These are three words I encountered during a morning’s reading that I had to stop and look up. The first was in a New Yorker story about the study of taxidermied birds, and the second two were in Robert Louis Stevenson’s Gothic tale Ollala.
The first word was not in the dictionary, not the Webster’s I keep at arm’s length on my desks at work and at home and not in the digital version, either. I don’t trust online dictionaries or whatever source Google is consulting when it gives you definitions. The best I could do with anatine was to see the first part, “anat-”, which the dictionary defines as relating to anatomy, and combine it with the latter part “-tine” which means like or of. In the same way that serpentine means snake-like, anatine, used to refer to a bank of dead birds or perhaps their glass container, means anatomy-like. Or maybe it meant something like a vitrine, which is a glass display case, itself a word that means “glass like thing.” Seems like the author of this piece just made anatine up. I wonder what The New Yorker copy department made of it.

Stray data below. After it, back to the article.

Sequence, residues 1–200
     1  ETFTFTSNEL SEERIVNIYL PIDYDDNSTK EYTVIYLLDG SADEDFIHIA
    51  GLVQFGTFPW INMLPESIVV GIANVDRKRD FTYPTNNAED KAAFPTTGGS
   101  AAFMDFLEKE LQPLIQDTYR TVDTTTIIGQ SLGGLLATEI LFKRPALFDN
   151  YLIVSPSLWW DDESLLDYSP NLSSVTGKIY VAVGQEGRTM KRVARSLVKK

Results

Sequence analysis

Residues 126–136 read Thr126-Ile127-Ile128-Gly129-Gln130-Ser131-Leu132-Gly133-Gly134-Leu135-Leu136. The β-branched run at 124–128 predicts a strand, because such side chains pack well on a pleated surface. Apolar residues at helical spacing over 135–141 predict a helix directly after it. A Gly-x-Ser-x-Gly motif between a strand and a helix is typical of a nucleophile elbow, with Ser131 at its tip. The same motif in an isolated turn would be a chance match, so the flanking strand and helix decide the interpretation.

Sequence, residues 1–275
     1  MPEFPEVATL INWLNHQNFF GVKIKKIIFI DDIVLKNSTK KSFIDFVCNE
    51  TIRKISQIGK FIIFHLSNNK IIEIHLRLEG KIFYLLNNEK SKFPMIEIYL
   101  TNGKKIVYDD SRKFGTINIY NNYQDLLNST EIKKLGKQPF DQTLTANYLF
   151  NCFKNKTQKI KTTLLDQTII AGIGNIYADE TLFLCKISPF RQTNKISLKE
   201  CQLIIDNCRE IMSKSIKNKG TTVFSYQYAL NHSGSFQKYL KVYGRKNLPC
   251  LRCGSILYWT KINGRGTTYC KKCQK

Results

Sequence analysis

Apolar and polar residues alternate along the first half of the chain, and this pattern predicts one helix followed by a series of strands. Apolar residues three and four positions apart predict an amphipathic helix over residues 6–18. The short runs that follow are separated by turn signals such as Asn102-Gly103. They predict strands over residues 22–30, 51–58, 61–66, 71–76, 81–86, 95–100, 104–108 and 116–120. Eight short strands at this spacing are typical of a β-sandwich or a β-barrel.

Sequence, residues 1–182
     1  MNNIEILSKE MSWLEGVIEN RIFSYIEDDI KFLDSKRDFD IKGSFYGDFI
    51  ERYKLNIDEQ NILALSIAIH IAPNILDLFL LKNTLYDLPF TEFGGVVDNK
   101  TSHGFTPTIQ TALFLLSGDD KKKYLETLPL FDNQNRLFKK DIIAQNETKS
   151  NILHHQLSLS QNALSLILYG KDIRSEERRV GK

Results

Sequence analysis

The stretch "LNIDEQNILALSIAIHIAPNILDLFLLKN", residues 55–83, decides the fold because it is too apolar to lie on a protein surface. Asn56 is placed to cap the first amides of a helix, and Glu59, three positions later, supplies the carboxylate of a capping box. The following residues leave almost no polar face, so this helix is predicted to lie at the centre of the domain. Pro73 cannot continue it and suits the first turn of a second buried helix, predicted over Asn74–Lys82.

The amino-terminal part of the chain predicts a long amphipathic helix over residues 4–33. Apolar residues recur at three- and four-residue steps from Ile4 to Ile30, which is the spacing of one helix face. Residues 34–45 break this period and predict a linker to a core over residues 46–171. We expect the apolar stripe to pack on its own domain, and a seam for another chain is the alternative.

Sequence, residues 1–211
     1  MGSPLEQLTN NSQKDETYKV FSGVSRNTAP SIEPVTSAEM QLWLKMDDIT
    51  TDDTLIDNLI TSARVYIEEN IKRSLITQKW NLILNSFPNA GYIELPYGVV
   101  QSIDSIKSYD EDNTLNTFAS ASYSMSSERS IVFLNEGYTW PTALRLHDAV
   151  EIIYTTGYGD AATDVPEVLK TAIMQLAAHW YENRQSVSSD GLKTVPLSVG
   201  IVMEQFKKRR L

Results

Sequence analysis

The other two words fell into that rather large category of words that I know about but need to look up just to be sure. The slower my eyes scan the page or my fingers hit the keys as I write, the more I find myself reaching for the dictionary.
Words are mnemonic devices to remember thoughts, as arbitrary as a color, a movement of the body, or shape assigned to do the same thing. The more words we know, the more thoughts we are capable of having.
That dictionary at elbow’s length is a catalogue of news ways of being.
Any words you’ve learned recently? Or relearned?